“Because today… I’m gonna kill the motherfucker!” In that sentence, the “I” is Anthony Hopkins, and the “motherfucker” is a Kodiak bear. The movie is 1997’s The Edge, a peculiar survivalist adventure with a script by David Mamet. Hearing words like that come out of Hopkins, the most archly patrician of actors—playing to type here as an introspective billionaire—gives the line an extra punch, because the journey there is much longer for him than most. And it’s a credit to Mamet, a writer forever concerned with the world of men and their animal natures, that he could deliver an actor like Hopkins to the point where he loses his aristocratic air and becomes the swarthiest of heroes, ready to do battle with a motherfucking bear. Let that be a warning: If any raccoons dare get within the vicinity of Howards End, they should know what’s coming to them.
It’s a shame The Edge wasn’t also directed by Mamet, whose economic style might have cut the fat from a film that behaves too much like a conventional Hollywood thriller. Those duties were handed over to New Zealand director Lee Tamahori, who must have seemed like a natural choice based on his 1994 breakthrough Once Were Warriors, a forceful tale of masculinity and violence among Maori. But Tamahori’s workmanlike production doesn’t match the elemental power of Mamet’s script, and it fails to evoke the harsh physical conditions that turn ordinary, civilized men into resourceful survivalists and predators.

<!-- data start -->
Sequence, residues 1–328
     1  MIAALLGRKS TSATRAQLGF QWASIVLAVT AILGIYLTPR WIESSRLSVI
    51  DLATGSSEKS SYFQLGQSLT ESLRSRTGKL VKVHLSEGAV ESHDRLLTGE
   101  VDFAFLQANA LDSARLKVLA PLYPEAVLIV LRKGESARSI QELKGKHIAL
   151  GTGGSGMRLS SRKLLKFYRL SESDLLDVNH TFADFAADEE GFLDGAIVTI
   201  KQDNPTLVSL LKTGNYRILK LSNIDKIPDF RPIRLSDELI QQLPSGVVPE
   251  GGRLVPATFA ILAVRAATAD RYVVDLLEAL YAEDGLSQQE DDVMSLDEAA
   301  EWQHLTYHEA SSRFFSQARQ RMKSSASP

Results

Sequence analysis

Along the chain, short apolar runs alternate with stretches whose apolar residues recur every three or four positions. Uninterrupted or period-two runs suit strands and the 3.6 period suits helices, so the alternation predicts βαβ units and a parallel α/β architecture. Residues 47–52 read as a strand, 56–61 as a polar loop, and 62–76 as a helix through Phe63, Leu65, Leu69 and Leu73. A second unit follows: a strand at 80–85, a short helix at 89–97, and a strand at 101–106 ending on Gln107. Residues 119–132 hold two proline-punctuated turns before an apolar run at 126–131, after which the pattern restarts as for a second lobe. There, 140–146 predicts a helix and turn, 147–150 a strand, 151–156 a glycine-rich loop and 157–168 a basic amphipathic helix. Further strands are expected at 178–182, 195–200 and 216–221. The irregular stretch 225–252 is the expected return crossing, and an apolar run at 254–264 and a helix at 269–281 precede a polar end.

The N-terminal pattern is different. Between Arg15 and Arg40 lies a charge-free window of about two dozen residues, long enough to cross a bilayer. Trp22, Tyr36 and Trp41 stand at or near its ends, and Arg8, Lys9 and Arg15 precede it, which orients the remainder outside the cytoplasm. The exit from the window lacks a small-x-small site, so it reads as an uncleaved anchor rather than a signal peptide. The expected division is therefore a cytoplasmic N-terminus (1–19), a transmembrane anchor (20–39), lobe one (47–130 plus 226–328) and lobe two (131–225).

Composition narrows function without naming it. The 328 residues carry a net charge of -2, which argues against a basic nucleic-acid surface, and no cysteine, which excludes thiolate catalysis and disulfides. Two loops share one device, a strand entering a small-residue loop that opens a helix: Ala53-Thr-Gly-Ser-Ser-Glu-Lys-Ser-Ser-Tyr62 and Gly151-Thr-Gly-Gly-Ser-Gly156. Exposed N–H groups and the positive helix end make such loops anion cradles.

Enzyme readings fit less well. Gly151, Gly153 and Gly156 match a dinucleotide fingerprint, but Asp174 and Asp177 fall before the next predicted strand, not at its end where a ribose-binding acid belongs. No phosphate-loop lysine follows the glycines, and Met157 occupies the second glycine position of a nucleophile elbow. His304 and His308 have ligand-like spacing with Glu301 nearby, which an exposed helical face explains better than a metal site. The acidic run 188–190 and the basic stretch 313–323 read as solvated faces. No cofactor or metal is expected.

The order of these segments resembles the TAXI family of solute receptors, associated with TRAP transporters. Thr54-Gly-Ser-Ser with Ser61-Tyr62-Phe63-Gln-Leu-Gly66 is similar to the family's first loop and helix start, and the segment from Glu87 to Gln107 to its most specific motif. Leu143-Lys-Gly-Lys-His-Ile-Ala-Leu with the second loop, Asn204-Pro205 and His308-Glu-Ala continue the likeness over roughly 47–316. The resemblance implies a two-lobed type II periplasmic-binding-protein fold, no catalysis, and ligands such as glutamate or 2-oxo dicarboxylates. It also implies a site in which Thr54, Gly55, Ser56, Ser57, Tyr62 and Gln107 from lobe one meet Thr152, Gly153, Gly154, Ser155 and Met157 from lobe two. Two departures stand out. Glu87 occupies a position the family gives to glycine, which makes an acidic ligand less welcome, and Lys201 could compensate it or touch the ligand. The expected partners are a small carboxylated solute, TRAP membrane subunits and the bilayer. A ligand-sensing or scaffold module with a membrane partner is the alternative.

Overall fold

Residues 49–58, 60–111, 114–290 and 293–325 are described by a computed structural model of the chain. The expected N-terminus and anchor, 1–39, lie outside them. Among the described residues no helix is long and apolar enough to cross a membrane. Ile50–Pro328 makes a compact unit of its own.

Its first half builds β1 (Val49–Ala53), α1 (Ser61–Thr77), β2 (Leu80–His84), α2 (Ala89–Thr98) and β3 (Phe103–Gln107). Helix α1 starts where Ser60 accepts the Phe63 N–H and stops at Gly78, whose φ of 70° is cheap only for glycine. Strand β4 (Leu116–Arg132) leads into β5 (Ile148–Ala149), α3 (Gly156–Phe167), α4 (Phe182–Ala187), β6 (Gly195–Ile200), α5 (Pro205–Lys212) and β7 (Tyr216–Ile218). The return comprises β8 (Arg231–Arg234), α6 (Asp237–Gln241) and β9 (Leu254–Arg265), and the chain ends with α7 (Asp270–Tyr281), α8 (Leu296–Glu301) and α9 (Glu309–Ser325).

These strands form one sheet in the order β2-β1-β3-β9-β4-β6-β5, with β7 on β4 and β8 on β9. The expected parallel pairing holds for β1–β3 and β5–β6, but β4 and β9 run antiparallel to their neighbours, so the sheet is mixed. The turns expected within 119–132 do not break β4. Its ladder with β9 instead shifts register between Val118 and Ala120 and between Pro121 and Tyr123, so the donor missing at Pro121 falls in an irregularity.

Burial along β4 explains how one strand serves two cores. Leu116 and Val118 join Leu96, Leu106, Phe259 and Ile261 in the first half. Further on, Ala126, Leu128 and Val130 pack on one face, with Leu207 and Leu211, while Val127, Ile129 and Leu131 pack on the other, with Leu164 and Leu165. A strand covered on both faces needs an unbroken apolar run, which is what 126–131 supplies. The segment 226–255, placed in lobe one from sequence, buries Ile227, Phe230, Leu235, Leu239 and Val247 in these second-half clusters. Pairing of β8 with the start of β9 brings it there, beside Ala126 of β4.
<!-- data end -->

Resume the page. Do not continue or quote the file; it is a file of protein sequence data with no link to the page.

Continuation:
Nevertheless, Hopkins does fine work as a billionaire stranded in the middle of the Alaskan wilderness with a smarmy photographer, played by Alec Baldwin. The early scenes establish a seething rivalry between the two men over Hopkins’ statuesque wife (Elle Macpherson)—to the point where Hopkins asks Baldwin “How are you going to kill me?” before their plane goes down—but it’s put on hold as they rely on each other to make it out of the woods alive. As it happens, the book-smart Hopkins has accumulated a lot of knowledge about living in the wild, but his cunning is tested when he and Baldwin face off against a relentless, bloodthirsty bear. (He’s played by “Bart The Bear,” in perhaps the greatest of his many star turns, including appearances in The Bear, On Deadly Ground, and The Great Outdoors.)
Beyond a stock of punchy Mametisms—Baldwin: “A month ago, old Smokey here would’ve reared up, you probably would’ve called your lawyer.” Hopkins: “Nah, I wouldn’t do that to an animal.”—The Edge remains gripping mostly because of Hopkins, who suggests a blueblood secretly excited to be in mortal peril. In the woods, he’s no longer a billionaire with the resources to do anything he likes, but simply a human being relying solely on his wits and instinct. Tamahori doesn’t have the chops to give his transformation the Straw Dogs treatment it deserves, but The Edge is an interesting footnote in the Mamet canon, manifesting in brute force what he generally expresses in words.
Key features: Apart from trailers for other Fox Blu-ray titles, nada.